Luckily there are good organic materials to prevent powdery mildew. It reproduces so fast, however, that if you let your guard down for more than a couple of weeks, it will roar to life in what seemed like a completely clean vineyard. For this reason, it can’t currently be managed using the Integrated Pest Management (IPM) principles of monitoring and early detection; instead, the vineyard needs to be sprayed at regular intervals preventatively (there is new technology in the pipeline to detect powdery mildew, which should drastically cut down on spraying, but it’s not ready for widespread adoption yet). This means that grape growers—pretty much anywhere in the world—have to get used to climbing on the tractor wearing a respirator and a raincoat and driving up and down the rows every week or two during the months from budbreak to véraison. If the temps are between 70-85° for much of the day the intervals need to be tightened, and if hotter or cooler than that range it is okay to space the sprays out a bit.
The main tool to fight powdery mildew for the past 150 years has been sulfur. As a spray or a dust, sulfur kills the spores as they germinate, preventing infection. It doesn’t do much once the fungus has gotten a foothold, so it must be used preventatively. Sulfur is used both by organic and conventional growers. You have to be careful with sulfur, though: if used too late in the season it can persist on the grape skins, providing a substrate for the yeast during fermentation to make sulfur off-aromas (rotten eggs/H2S, etc). Late-season sulfur applications in areas with very high powdery mildew pressure can be one of the causes for “flintiness” or other reduced mineral-type aromas in the wine. Sulfur can also burn the leaves and the fruit if applied before a hot spell.
Oil can be sprayed on the vines to smother powdery mildew, and is a good organic option. It works well, especially early in the season when the shoots haven’t grown much, and are easy to thoroughly cover with the spray solution. Oils are hard on the vines, though, especially if the weather is very hot or very cold. They smother the vines too, reducing photosynthesis; and they will burn the vines if applied too close to a sulfur application—those two materials don’t mix. Oil, sulfur, and copper (copper is for downy mildew, not powdery mildew) work on the principle that they are less toxic to vines than they are to the disease. In other words, they kill leaves just as easily as they kill the disease if they are applied at a high-enough rate. So it never feels good to spray them—it’s always a teeth-gritting operation.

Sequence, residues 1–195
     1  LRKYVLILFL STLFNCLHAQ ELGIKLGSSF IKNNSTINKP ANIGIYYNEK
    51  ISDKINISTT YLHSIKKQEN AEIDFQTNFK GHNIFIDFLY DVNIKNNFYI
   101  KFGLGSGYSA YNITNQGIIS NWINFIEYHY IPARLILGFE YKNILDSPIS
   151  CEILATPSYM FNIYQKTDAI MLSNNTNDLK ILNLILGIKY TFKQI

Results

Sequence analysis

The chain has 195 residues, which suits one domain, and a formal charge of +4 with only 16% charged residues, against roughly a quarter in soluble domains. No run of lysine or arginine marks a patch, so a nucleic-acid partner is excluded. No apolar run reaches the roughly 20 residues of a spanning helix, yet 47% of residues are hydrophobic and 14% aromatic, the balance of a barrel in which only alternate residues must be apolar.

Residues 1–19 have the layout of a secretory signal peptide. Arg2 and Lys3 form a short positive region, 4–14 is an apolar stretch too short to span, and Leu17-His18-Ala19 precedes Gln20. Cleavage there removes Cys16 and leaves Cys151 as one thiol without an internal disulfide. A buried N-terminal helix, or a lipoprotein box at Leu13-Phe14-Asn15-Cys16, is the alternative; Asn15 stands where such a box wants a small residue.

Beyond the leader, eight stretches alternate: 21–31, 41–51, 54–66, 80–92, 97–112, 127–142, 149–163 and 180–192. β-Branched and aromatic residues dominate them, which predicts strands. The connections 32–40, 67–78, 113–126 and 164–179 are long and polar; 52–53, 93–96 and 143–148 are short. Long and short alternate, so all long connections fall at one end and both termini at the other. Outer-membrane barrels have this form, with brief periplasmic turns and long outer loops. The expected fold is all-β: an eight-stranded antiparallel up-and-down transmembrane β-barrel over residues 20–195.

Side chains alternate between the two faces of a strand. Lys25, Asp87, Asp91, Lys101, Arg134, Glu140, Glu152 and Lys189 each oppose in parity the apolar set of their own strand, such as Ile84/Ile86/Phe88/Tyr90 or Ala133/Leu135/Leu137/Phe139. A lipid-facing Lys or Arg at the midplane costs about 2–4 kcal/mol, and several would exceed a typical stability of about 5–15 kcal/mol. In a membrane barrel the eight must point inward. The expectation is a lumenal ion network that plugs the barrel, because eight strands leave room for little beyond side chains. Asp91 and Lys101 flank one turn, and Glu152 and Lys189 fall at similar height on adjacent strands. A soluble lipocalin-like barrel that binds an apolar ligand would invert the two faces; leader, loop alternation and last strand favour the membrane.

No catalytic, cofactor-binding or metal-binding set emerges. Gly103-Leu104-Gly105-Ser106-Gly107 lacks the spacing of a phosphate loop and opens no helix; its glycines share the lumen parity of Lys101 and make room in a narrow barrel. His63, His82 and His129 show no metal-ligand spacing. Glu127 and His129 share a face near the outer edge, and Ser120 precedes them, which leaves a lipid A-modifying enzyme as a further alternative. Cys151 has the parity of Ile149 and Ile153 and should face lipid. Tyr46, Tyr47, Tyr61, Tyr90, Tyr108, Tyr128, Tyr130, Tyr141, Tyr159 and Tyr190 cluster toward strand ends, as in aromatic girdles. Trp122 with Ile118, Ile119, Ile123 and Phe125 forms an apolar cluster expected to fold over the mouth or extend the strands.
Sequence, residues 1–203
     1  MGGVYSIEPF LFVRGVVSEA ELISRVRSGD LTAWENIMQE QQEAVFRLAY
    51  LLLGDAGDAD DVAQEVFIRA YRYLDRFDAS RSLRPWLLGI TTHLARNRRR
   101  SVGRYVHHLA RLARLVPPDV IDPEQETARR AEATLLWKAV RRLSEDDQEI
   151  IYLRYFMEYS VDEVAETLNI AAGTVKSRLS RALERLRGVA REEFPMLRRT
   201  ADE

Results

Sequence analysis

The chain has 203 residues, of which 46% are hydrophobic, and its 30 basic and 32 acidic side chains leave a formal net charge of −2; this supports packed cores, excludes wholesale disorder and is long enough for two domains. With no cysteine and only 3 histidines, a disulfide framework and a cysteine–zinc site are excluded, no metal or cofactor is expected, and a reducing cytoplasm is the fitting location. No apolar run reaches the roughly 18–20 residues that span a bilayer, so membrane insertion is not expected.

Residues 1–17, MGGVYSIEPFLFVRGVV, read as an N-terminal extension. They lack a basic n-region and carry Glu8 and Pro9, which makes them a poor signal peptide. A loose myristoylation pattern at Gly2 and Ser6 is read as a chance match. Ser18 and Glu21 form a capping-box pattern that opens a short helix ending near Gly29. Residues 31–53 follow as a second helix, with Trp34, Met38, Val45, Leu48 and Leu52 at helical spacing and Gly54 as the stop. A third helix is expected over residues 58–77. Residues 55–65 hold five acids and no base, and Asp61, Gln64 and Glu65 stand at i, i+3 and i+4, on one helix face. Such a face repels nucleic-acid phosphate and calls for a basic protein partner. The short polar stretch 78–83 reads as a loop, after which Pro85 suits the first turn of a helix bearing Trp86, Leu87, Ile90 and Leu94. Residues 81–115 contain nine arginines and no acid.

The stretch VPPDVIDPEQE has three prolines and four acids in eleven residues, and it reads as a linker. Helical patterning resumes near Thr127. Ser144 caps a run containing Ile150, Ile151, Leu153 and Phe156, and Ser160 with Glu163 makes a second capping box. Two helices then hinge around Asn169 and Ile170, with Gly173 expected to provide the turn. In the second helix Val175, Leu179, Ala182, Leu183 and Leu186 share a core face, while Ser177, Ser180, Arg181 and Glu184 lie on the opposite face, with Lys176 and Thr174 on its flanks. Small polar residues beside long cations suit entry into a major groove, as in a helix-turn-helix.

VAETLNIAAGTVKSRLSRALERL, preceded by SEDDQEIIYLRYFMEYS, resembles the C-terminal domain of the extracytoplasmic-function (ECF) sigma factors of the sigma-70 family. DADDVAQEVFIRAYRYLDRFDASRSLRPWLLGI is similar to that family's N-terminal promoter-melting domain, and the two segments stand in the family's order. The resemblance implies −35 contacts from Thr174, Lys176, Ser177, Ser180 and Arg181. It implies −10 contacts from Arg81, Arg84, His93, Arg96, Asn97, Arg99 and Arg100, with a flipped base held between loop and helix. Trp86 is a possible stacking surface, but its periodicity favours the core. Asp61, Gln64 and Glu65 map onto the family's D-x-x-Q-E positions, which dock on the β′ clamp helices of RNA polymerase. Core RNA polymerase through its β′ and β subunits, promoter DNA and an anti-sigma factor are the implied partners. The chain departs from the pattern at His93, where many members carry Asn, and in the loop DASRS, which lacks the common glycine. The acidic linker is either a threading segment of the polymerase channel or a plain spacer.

There are some newer organic materials based on fermentations that work okay—not great—but free from the problems associated with the toxicity of sulfur or oils (Serenade, Sonata, and Actinovate are the most commonly available products—they are made by fermenting organisms like bacillus subtilis). Some growers are experimenting with milk and whey, which create a competitive environment for the disease organism and produce free radicals that kill the diseases. Nutrients like calcium, potassium, and silica help the plants ward off the disease on their own (not a stand-alone strategy, but an adjunct), and they can be sprayed on the leaves preventatively—the leaves can use the nutrients to strengthen themselves. The biodynamic spray horsetail is a good source of silica for this purpose.
If you leave organic farming behind, powdery mildew is fairly easy to control with the suite of new synthetic fungicides that are now available. Many of them are systemic, and they all have a much longer-lasting residual effect on the plants. New research about the unintended consequences of these materials is coming out all the time. Some of them are potent endocrine disrupters. They may be causing problems with bees. There are serious concerns with these materials, and so with our farming we choose to restrict ourselves to the organic materials that break down harmlessly in the environment.
The next most important disease worldwide is downy mildew. Regardless of its similar name, downy mildew is a completely different organism than powdery mildew. Downy mildew originated in the Eastern United States, just like powdery mildew and phylloxera (which is an insect, not a disease, so we’re not covering it here). It’s technically in the class of fungi called water molds, and it requires warmth and free moisture to germinate. As such it’s not always a big problem in the dry Mediterranean climates, and is almost unheard of in California, but it’s a major problem anywhere that gets much warm summer rainfall—regions throughout France, Northern Italy, the Eastern United States, Western Australia, Germany, etc. Unlike powdery mildew, downy mildew will completely defoliate the vine if left unchecked. It is a devastating disease, killing any and all living tissue is a short period of time.